Edward Snowden proposes a two-step response to begin dealing with the dystopia promised by the Pegasus Project: "ban the commercial trade in intrusion software," and hold corporations liable for investing or producing it. If you make it illegal, after all, you can hold people liable for making it. If we do these things, we won't eradicate spyware like Pegasus -- which, as you may recall, can turn on your iPhone's microphones remotely and listen in on what you say -- but we will make it a lot harder for spyware to do damage. As Mr. Snowden suggests, this is the same logic that operates behind vaccination.
In a peripherally-related note, Sara Morrison at Vox explains "how police can get your data -- even if you aren't suspected of a crime." Long story short: they can get it from a third-party data broker (the Fourth Amendment is Not for Sale Act would fix that), or they can use "reverse search warrants," which should be illegal. Should we be "happy" that our police don't have access to Pegasus yet? This sorry state of affairs is yet another reason we don't leave important questions to corporations. Trouble is, our legislators think only corporations know anything about anything!
From the "Nobody Could Have Predicted!" file: ISIS supporters have glommed on to the Trump-friendly social network GETTR, posting videos of beheadings and the like. Well, they always said ISIS understood the social media landscape better than anyone! And they'll find plenty of sympathetic souls among the whiners who've left Facebook and Twitter because their friends shame them for saying obnoxious crap. GETTR's guru shrugs off the ISIS influence, but "free speech" still doesn't cover terroristic threats, nor does a private media corporation have any obligation to publish literally anything.
ICU doctor confesses that what her unvaccinated COVID patients tell her leaves her "surprised, disheartened, but most of all, angry," and who can blame her? You risk death taking care of COVID patients, you endure all the loneliness and all the supply chain shortages, you update your own living will, and now some YouTube University graduate lectures you about how intubation is the real killer? I'd slap a pimp if they did that -- which is yet another reason why I'm not a doctor. My patience with the unvaccinated is short, and I don't even encounter very many of them in my travels.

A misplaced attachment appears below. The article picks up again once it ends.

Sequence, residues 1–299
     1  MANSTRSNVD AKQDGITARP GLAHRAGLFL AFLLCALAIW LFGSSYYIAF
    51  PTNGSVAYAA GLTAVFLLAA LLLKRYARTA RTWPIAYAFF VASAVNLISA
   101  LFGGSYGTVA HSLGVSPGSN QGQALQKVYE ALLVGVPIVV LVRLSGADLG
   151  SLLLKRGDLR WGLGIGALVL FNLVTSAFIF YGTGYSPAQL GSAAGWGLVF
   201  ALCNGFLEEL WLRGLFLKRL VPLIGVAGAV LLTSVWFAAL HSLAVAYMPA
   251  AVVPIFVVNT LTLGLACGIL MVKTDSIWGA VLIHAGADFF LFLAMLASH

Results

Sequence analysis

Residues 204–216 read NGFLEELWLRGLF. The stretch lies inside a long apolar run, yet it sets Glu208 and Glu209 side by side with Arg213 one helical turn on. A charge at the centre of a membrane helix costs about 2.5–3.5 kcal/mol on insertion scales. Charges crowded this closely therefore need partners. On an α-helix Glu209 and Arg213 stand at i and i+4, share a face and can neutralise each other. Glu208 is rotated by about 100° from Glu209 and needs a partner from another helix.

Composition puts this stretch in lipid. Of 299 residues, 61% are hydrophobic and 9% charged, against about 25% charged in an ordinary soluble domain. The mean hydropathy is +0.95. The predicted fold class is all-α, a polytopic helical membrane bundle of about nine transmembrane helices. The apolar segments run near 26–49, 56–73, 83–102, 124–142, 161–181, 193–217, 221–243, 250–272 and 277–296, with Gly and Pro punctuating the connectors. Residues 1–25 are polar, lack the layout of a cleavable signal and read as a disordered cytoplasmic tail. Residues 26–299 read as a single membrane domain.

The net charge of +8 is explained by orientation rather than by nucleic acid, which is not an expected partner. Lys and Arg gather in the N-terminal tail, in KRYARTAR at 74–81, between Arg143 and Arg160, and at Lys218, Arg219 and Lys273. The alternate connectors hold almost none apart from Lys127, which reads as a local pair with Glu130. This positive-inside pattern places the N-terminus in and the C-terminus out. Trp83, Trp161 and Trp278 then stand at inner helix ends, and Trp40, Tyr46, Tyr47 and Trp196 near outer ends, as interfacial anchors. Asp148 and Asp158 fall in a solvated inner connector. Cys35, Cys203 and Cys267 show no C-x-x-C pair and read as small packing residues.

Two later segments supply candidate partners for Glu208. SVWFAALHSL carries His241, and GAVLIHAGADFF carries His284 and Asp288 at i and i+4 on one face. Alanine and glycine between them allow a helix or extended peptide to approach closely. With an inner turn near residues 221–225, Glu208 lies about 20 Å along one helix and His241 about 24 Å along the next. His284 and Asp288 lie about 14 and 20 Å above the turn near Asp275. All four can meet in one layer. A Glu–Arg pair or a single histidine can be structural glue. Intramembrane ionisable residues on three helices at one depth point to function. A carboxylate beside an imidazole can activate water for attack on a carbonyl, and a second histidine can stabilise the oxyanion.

In a related note, Dartmouth University sociology professor Brooke Harrington writes about the "anti-vaccine con job" and reminds us that folks who've been so thoroughly conned can't just switch on a dime. And I would say the con is significantly longer than "anti-vaccine con job" suggests -- almost 20 years ago, for example, the same damn people all fell for the Iraq War Con Job. Apparently only other right-wingers can reach them, which I guess is good in the short run if it helps us get the upper hand on COVID again, but can they even reach them? Or have decades of right-wing yelling and screaming created a group of Americans who won't listen to anything that doesn't diddle their rage gland?/p>
Finally, California restauranteur Tony Roman hangs sign outside restaurant demanding that potential customers show "proof of being unvaccinated." In that spirit, I'd like some proof that Tony Roman hasn't fucked a goat. I mean, I don't want to associate with goat-fuckers, so I'm entitled to demand official documentation about that fact from other people. See how easy this game is? In the meantime, I urge folks to avoid dining at Basilico's Pasta e Vino in Huntington Beach, not least because for all you know you might run into a goat-fucker.